“You have to be comfortable with the idea of ‘I just can’t have that,’” he said. “You have to focus on what actually matters.”

TPRM in Light of the Silicon Valley Bank Failure

In the wake of the Silicon Valley Bank (SVB) collapse, the risk landscape and how you manage it has evolved into a different beast. Because SVB served many start-ups and tech-centric companies and access to capital is now limited, it may impact how these companies manage their cybersecurity. Will their program funds be reduced as they shift dollars to other areas of the business? Even though a company was well-equipped to defend against a cyber attack a year ago, you can’t assume they have the same controls in place now. You may need to double down on your due diligence to avoid the risks associated with sudden events, such as the recent bank closures. We polled our listeners, which revealed uncertainty about their next steps.

According to Cleary, companies must ask themselves: “What due diligence am I doing when it comes to a third party?” Then, regardless of the answer, the next step is to take action. In this way, Cleary said, your due diligence “translates into something practical.” Use real-world incidents, such as Silicon Valley Bank, as case studies and warnings to promote teachable moments in your company.

Sullivan emphasized the need for control implementation when evaluating vendors. “When we look at those vendors, how do we implement controls according to the size and impact of their security posture, based on what happened to those banks,” said Sullivan. He also highlighted the need for introspection, asking questions like, “Do we need to implement mitigating controls?”

Establish a Shared Vision and Holistic Risk View

When asked how to manage portfolio visibility and the importance of seeing the risks within your entire ecosystem, Sullivan suggested creating a holistic view of risk to be driven by each team. He shared, “The biggest headway isn’t just when you sign a contract but managing that portfolio and understanding what new risks have developed.” For example, if a ransomware incident occurs, are you detecting it quickly enough to react to it? And do you have processes in place for incident response?

Overall, how you manage your cyber risks speaks to the maturity of your program, the size of your organization, and where you assign resources. “TPRM is no longer just a GRC team issue anymore; for us, it’s become GPRC – Governance, Privacy, Risk, and Compliance,” Sullivan continued. “As we talk about data privacy, it’s a fundamental aspect of your governance program, which supports success in your TPRM program, too.”

Cleary agreed, citing, “It’s a data problem. You won’t have all the information all the time– focus on the intended use of the data. Will you use it in your planning to identify your risks? Or will you use it to understand the blast radius of something happening externally? But overall, don’t try to boil the ocean – managing your cyber risk and keeping data current is a lot of work, so make sure the data is tied to a specific use case,” he advised.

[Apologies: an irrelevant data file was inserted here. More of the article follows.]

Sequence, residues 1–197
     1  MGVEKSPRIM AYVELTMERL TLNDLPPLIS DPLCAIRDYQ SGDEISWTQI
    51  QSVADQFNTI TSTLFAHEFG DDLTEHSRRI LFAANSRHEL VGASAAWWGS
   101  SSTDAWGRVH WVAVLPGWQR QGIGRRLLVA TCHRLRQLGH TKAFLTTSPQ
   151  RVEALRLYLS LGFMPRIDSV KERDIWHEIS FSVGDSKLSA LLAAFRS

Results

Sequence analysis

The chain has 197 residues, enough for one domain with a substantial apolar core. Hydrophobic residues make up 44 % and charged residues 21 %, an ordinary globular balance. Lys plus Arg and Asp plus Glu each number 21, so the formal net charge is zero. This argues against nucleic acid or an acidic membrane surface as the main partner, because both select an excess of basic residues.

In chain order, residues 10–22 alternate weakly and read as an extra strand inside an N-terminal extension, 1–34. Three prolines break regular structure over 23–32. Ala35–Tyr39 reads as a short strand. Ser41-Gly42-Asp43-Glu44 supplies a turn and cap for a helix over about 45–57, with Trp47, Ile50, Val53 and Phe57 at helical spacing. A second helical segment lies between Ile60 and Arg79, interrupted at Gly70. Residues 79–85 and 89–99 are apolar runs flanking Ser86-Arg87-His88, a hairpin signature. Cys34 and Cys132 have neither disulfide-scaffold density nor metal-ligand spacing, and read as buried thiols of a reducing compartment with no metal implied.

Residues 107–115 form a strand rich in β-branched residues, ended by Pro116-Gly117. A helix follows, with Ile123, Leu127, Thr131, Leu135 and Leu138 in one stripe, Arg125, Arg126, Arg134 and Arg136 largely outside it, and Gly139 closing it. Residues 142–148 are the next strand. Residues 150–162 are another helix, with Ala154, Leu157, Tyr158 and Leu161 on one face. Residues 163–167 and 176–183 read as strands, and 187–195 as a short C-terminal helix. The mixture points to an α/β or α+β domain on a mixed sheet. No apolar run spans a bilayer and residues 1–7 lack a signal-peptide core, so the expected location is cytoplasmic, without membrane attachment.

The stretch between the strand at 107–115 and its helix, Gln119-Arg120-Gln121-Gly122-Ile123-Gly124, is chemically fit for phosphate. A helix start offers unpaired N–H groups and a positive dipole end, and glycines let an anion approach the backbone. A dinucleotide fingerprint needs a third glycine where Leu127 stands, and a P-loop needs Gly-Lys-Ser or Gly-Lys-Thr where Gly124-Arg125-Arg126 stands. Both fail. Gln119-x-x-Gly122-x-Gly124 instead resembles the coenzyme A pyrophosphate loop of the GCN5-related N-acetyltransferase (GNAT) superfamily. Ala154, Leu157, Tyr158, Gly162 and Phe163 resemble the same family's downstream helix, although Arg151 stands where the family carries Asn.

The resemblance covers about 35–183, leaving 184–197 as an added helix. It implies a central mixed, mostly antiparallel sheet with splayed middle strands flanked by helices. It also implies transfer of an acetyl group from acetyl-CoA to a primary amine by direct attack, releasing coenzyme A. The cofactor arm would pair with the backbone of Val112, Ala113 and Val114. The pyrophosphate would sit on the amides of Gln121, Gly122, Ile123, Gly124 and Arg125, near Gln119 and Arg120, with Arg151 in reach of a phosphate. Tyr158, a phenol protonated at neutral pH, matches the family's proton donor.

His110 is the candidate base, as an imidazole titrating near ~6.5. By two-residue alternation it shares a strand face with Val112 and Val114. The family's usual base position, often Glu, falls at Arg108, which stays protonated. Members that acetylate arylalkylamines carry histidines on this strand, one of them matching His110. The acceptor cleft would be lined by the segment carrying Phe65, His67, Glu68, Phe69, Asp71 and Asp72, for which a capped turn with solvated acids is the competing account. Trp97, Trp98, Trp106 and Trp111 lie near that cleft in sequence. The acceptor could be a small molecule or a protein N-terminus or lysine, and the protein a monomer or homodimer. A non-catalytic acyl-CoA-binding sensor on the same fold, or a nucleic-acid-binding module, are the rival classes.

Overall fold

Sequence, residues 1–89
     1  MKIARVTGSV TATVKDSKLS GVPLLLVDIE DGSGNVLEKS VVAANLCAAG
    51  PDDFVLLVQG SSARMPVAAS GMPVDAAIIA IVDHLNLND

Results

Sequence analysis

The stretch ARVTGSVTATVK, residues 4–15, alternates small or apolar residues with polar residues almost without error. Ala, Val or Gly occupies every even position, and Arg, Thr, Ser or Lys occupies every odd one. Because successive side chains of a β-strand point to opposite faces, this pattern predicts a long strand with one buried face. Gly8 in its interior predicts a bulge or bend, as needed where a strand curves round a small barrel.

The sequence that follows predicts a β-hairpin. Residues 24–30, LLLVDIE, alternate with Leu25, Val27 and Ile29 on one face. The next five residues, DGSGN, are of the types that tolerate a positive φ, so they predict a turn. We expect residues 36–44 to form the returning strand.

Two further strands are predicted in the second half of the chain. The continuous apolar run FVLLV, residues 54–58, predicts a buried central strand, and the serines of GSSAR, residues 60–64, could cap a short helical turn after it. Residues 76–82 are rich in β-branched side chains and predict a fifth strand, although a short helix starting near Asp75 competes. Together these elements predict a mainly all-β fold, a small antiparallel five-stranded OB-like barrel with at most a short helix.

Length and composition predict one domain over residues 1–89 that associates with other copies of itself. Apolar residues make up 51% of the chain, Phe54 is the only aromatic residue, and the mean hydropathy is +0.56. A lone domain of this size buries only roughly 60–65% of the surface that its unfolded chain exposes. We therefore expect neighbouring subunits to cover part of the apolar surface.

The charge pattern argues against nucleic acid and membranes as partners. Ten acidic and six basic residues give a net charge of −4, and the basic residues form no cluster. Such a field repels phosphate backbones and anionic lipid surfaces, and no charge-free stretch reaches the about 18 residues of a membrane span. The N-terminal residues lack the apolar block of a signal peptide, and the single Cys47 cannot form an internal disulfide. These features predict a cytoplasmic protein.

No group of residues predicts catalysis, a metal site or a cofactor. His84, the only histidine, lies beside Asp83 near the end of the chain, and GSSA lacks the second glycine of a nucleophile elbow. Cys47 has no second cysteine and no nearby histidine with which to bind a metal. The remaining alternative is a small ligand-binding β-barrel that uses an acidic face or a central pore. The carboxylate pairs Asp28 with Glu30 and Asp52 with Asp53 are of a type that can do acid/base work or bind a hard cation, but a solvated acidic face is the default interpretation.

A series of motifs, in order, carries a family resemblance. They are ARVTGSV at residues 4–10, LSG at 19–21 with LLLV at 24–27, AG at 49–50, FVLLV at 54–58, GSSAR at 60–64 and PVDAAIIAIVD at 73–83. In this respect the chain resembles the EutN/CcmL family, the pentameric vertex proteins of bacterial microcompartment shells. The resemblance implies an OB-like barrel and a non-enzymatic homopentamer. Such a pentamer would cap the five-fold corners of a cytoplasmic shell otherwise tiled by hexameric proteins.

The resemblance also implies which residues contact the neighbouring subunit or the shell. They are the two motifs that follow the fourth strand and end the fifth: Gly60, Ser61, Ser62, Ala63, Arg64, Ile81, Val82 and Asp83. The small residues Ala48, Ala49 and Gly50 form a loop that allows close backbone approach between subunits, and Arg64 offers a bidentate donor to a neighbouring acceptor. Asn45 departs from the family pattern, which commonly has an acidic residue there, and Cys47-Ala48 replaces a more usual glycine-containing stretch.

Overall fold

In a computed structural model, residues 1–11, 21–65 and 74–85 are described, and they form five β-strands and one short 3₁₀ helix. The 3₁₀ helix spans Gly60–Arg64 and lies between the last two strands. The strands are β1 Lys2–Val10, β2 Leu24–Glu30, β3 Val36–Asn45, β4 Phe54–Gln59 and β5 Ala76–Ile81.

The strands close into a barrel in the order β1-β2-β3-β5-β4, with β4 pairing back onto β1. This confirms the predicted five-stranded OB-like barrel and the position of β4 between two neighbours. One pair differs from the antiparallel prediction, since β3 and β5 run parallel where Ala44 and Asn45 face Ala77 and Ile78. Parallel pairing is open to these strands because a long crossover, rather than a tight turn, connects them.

Final Takeaways

So how do you manage your cyber risk with a growing third-party portfolio? Sullivan suggested focusing on what your business is driving toward and building that into your security recommendations and TPRM program. “Create visibility into what it takes and where the gaps are. Ultimately, it comes down to what your business does, whether you have the right process and controls, and whether you are staffed appropriately,” he said.

Cleary agreed, stating managing cyber risk is a shared mission. “Make TPRM a shared mission with the business. Nobody does security for security’s sake; we’re securing and enabling the business. And the business should share the burden and be in it with you– that’s the key to managing your cyber risk and TPRM success.”

Want to learn more about how CyberGRX can support you and your TPRM program success? Book a demo now.

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About Us

ProcessUnity is a leading provider of cloud-based applications for risk and compliance management. The company’s software as a service (SaaS) platform gives organizations the control to assess, measure, and mitigate risk and to ensure the optimal performance of key business processes. ProcessUnity’s flagship solution, ProcessUnity Vendor Risk Management, protects companies and their brands by reducing risks from third-party vendors and suppliers. ProcessUnity helps customers effectively and efficiently assess and monitor both new and existing vendors – from initial due diligence and onboarding through termination. Headquartered outside of Boston, Massachusetts, ProcessUnity is used by the world’s leading financial service firms and commercial enterprises. For more information, visit